Doing something out of the ordinary might be as simple as changing the order of your class routine. For example, in a mathematics workshop (and most constructivist math lessons) students begin with exploring a handson task that they have not yet been taught in order to start forming their own connections. These explorations could be:
 Rolling dice with a partner to make twodigit numbers, and then putting them in ascending order prior to formalizing the roll of place value in primary grades. Numbers can be ordered based on a hundreds chart if students can’t count that high.
 Sorting shapes and creating categories for their groupings prior to learning names, characteristics and the hierarchy of polygons for intermediate students.
 Using twocolor counters in various arrangements to wipe out “zero pairs” in order for middle school students to discover the patterns for adding integers. This would be done rather than teaching the “rules” for adding integers. Students might need to be told in advance what is a zero pair.
 Use a Concept Attainment model (These are functions vs. These are not functions) with high school students to have them determine what is and is not a function. Examples (both of and of not) would include graphs, tables, and equations to start, and may extend into context descriptions.
Other ideas for novelty include dice rolling to generate problems, bringing in a large deck of cards to draw for partners or groups or even for typical probability problems – the size (very large or very small) of items adds novelty. Use video. The list is endless of ways to bring in a fresh approach and just do something a little different.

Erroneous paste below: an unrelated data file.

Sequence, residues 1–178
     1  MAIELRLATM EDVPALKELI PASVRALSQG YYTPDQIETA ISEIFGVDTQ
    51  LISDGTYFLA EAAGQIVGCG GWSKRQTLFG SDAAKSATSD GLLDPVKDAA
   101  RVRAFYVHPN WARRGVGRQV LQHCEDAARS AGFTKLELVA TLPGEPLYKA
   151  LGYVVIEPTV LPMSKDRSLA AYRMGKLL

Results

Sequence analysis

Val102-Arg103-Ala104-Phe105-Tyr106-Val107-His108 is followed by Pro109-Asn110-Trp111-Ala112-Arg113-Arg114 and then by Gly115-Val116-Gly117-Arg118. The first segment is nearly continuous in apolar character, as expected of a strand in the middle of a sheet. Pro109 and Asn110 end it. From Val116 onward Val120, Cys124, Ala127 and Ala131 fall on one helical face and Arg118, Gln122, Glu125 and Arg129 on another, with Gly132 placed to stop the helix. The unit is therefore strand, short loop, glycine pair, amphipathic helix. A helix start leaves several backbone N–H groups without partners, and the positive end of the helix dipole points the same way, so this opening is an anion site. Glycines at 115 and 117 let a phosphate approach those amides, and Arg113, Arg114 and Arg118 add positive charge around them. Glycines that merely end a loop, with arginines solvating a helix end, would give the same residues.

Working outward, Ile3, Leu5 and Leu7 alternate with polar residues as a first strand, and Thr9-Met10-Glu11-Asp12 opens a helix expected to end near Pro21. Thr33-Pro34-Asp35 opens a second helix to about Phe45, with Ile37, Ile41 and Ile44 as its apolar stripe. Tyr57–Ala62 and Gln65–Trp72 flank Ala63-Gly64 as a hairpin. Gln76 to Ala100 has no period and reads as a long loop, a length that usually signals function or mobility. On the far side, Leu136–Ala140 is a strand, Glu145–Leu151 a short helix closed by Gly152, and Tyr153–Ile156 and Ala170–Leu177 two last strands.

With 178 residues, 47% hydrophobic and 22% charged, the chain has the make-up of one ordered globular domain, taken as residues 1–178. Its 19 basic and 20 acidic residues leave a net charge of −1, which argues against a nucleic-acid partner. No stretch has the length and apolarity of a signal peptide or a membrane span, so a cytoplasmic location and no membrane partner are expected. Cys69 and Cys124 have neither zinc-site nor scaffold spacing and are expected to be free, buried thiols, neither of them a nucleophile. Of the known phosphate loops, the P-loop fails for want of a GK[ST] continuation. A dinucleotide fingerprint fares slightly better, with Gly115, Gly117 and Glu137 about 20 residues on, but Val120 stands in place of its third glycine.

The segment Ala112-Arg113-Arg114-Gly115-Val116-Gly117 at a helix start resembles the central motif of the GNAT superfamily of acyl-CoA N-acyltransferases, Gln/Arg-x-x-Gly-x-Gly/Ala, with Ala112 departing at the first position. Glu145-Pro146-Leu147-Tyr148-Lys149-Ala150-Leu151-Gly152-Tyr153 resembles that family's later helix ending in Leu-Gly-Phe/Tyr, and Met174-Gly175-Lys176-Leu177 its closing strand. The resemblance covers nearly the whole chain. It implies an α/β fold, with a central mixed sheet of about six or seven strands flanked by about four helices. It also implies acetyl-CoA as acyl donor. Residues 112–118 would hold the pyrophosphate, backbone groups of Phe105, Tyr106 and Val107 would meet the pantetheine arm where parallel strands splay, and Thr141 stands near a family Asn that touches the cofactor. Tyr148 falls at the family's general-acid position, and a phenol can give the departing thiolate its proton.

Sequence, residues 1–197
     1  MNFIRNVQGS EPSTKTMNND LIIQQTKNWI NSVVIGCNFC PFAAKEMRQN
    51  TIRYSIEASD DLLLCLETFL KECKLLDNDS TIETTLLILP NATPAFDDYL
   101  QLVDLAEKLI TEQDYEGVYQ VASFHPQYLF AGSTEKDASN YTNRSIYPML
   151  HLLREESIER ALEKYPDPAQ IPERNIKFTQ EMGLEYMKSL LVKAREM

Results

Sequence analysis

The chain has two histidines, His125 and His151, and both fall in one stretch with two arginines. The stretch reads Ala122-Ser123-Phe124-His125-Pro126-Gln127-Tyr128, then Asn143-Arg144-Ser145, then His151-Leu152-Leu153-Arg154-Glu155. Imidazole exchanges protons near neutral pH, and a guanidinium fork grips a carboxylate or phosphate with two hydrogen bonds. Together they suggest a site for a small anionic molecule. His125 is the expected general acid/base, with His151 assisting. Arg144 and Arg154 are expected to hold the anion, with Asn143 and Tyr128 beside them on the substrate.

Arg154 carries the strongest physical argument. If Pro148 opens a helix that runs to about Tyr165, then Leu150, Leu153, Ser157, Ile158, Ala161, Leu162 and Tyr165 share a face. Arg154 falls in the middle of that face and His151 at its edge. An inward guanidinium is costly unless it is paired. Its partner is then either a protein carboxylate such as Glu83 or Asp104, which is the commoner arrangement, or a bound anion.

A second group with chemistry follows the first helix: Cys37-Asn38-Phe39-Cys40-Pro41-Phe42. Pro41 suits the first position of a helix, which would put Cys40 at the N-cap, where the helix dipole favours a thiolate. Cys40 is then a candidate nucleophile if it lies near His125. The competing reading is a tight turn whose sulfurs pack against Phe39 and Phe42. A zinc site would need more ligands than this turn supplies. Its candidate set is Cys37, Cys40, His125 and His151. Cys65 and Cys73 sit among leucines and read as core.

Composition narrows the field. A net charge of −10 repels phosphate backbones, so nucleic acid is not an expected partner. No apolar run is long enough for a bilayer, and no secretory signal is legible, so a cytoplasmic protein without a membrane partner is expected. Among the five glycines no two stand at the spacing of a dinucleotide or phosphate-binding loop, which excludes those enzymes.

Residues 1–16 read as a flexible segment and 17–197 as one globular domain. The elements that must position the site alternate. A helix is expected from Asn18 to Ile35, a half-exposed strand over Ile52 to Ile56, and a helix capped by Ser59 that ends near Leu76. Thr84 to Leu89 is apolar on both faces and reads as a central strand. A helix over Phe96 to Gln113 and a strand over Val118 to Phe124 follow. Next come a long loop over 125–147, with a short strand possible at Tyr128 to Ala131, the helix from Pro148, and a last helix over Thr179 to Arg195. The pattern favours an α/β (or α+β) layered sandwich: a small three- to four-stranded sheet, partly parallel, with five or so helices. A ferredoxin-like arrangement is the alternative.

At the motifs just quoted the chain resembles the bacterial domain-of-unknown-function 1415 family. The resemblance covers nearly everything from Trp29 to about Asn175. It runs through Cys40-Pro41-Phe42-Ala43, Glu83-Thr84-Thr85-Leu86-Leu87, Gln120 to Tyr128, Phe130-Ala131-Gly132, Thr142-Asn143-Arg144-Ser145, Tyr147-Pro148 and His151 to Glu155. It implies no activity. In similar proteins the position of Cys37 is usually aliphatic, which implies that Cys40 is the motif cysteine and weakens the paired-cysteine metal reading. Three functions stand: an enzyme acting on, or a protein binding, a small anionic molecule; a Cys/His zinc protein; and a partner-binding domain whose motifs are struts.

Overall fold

Offer choice.
Offering choice to students in how they will learn, practice, or demonstrate learning is by far the most common way we tap the interest of our students. In fact, research suggests that offering choice a minimum of 35% of the time in class will increase students’ intrinsic motivation (Jensen, 1998). When designing choices for students, bear these principles in mind (Smith a, 2017):
 Be sure that every choice stays true to the learning goal of the lesson. It is possible to design a variety of activities that accomplish different goals without even realizing that has happened.
 Be sure that everyone has to address the essential understanding and conceptual basis of the topic regardless of the specific task.
 Take extra care that each option has the same rigor and effort requirements. If students choose a task because it appears easier than others, it should be because the structure of the task fits a comfortable way for them to learn rather than it actually being easier.
 Be aware of how long each option should take students to complete. There is nothing worse than having one task completed in much less time than other tasks!